One of my top priorities has been to port Mailman 3 (core) to Python 3. This work is now complete, and ready to be merged into trunk. No doubt bugs still lurk, but at least the entire test suite is passing. My intent is to merge this to trunk and do another beta release before the end of the year.
If you want to take a look at the branch, try this:
$ bzr branch lp:~barry/mailman/py3
The diff is available online via the merge proposal:
It's a big diff.
$ bzr diff . --old ../3.0 | diffstat -s 166 files changed, 1881 insertions(+), 1538 deletions(-)
Python 3.4 will be the minimum required version. (It make work with earlier Python 3's but I will not officially support anything earlier.)
There are a few things to keep an eye out for, especially if you are currently experimenting with Mailman 3 in production:
A few database columns have changed from LargeBinary to Unicode. I have not yet figured out how to add the Alembic schema migrations to handle this, but I'll do so before the release.
The internal format of the requests table has changed. While the column type is a string, the internal format was a sort of home baked pickle-like format. This turned out to be incompatible with Python 3, due to some assumptions made about the format. I've changed this to using a JSON representation, which is safe and platform independent. This means that any held requests (subscriptions, unsubscriptions, held posts) must be cleared before switching to the Python 3 code. I don't think it's worth trying to migrate this internal format.
The new email API in Python 3 is really wonderful, but I am mostly not yet taking advantage of it. The one area that required a significant rewrite is in the Subject prefix munging code. Some Python 2 behavior is different in Python 3 and the old algorithms had to be rewritten. I've added a lot of tests, but there are probably bugs in the new code, especially when various mixed charsets appear in the Subject header.
Please do test, review, grouse, compliment, curse, rejoice, and enjoy. Over the holidays I'll spend some time cleaning a few things up (especially the documentation), then I'll merge this to trunk and do a 3.0b5 release as a Python 3-only application. Mailman 3 will not be bilingual so Python 2 support will be dropped.
One of my top priorities has been to port Mailman 3 (core) to Python 3. This work is now complete, and ready to be merged into trunk. No doubt bugs still lurk, but at least the entire test suite is passing.
- A few database columns have changed from LargeBinary to Unicode. I have
not yet figured out how to add the Alembic schema migrations to handle this, but I'll do so before the release.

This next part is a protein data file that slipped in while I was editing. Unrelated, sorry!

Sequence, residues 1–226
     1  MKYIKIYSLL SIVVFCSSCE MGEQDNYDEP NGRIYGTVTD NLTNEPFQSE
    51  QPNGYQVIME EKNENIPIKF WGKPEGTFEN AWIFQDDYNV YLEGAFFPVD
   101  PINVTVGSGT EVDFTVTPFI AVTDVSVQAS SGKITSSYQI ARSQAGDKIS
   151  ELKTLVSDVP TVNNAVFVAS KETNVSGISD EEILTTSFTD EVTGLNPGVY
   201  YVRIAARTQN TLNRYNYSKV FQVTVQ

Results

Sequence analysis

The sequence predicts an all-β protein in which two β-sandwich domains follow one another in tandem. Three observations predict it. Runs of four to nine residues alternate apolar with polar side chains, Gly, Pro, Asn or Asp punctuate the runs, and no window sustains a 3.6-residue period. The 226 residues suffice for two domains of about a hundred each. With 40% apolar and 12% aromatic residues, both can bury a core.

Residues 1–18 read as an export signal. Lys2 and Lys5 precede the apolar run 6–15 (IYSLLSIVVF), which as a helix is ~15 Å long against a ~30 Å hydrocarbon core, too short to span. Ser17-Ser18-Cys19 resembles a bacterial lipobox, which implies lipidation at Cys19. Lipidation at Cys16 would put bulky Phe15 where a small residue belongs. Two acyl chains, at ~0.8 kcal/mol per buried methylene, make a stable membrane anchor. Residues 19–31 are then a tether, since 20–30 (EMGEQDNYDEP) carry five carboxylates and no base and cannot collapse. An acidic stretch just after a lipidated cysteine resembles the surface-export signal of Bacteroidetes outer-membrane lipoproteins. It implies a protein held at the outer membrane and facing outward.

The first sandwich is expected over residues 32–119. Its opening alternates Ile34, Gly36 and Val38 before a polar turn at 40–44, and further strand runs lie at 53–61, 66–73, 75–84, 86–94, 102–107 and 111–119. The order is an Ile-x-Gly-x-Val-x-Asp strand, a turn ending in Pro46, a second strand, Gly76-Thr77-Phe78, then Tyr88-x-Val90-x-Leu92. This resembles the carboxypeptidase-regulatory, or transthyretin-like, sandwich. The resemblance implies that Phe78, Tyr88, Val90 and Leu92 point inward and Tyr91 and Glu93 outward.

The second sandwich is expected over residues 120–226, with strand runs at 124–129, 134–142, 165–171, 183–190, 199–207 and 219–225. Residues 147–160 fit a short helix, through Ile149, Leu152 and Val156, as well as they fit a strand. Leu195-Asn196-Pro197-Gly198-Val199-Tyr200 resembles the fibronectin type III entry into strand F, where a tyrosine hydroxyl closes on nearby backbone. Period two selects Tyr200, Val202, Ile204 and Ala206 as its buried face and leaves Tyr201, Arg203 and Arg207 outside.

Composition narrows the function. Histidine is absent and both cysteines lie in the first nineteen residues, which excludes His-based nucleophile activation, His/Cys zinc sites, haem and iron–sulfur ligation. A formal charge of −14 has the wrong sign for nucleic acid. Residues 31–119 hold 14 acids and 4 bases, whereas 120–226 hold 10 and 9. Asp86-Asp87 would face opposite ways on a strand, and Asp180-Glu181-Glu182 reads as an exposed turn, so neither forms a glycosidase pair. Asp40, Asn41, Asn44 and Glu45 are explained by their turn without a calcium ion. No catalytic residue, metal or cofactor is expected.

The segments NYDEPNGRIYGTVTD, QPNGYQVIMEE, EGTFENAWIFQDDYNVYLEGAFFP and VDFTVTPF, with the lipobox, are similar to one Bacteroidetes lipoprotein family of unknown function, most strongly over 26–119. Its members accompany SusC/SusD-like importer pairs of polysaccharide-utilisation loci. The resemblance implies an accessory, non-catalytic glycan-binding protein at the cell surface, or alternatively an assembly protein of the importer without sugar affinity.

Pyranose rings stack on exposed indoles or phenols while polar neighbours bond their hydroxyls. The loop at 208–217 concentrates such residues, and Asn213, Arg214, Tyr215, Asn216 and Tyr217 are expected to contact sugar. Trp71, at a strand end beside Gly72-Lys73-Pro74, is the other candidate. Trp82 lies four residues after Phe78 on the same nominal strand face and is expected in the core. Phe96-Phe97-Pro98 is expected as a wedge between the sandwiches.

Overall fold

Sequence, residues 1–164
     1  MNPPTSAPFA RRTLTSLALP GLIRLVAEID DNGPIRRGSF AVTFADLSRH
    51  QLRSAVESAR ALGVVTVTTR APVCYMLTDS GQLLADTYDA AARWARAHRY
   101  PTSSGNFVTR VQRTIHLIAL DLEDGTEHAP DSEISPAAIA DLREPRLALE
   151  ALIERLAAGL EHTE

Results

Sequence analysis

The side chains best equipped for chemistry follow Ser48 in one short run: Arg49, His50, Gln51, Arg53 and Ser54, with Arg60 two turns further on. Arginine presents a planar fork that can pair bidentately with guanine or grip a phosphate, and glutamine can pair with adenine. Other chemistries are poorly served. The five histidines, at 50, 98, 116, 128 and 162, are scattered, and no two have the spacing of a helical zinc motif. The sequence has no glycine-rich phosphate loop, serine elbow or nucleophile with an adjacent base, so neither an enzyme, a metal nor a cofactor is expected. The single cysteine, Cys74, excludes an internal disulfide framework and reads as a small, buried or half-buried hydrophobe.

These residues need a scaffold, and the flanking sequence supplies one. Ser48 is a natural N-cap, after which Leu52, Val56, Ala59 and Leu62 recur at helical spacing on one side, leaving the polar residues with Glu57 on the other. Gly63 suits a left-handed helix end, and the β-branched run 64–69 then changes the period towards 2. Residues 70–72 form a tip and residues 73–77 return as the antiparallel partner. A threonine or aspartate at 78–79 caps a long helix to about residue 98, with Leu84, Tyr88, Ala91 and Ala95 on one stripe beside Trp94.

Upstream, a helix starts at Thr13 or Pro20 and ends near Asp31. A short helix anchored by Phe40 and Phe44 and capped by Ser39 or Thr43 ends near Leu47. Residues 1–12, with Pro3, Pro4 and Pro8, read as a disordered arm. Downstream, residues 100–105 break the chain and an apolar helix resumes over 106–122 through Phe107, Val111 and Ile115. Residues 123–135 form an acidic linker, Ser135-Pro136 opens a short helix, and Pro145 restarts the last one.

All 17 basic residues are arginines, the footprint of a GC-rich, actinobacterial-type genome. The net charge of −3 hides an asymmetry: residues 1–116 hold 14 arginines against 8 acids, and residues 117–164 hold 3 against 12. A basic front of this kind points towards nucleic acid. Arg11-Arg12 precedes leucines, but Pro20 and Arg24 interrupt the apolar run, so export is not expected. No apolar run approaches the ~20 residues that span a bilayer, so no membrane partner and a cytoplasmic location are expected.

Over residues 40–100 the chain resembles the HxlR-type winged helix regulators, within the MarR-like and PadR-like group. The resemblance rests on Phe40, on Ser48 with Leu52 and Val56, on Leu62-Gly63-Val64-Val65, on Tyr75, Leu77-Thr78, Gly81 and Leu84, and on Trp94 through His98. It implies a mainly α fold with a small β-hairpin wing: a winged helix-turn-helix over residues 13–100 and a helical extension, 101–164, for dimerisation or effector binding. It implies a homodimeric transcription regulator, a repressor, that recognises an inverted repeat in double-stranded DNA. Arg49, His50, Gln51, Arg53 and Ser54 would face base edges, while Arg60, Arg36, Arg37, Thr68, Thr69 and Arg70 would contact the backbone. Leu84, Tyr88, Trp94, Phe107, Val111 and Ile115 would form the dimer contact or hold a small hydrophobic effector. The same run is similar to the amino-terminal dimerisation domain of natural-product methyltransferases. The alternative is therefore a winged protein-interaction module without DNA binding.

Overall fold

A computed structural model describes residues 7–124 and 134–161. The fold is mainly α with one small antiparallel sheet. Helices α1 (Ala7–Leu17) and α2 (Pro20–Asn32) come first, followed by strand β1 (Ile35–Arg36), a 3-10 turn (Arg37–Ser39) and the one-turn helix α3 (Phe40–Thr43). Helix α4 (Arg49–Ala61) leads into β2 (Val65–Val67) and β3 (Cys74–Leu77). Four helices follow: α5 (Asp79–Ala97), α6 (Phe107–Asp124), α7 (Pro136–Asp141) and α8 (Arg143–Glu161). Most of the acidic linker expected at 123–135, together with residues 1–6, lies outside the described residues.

This should be pretty easy, something like the following command should work: alembic -c src/mailman/config/alembic.cfg revision --autogenerate -m "python3 port"
[...] then I'll merge this to trunk and do a 3.0b5 release as a
Python 3-only application. Mailman 3 will not be bilingual so Python 2 support will be dropped.
Wow. I am very surprised. So we went from "Python3 compatibility is not on the blocker list for Mailman 3.0" to "Mailman 3.0 will only work on Python 3". That's quite a change. This means I must now port HyperKitty and Kittystore to Python3, check that we don't use Py2-only libraries, etc. And mailman.client must be ported too, since it does import stuff from mailman for testing purposes. I think Postorious is safe, but that must be verified (I believe it imports the testing framework from mailman.client and thus must be ported too).
And I thought the 3.0 release was almost there. I must say this is rather discouraging.
Here's a crazy, probably stupid idea. I want to do one more release before the end of the year, probably tomorrow.
What if I do A/B releases for 3.0b5?
A would be current snapshot of trunk, i.e. MM3 running on Python 2.7.
B would be current snapshot of the py3 branch, i.e. MM3 running on Python 3.4.
I will hold of on the merge until 2015.
The advantage of this is that folks would get a chance to download the tarballs of their choice and give it a try. I'd encourage people to try the Python 3 (i.e. B) release.
I think people are more engaged with an actual release tarball than with bzr branches, so this could provide some good feedback. I think right now the two branches are functionally equivalent.
Barry Warsaw writes:
What if I do A/B releases for 3.0b5?
Up to you; I have no objection.
But I'm only going to be looking at the Python 3 branch. I've already ported my (work internal) Django site to Python 3 (which was mostly trivial, I had more trouble with the Django upgrade itself).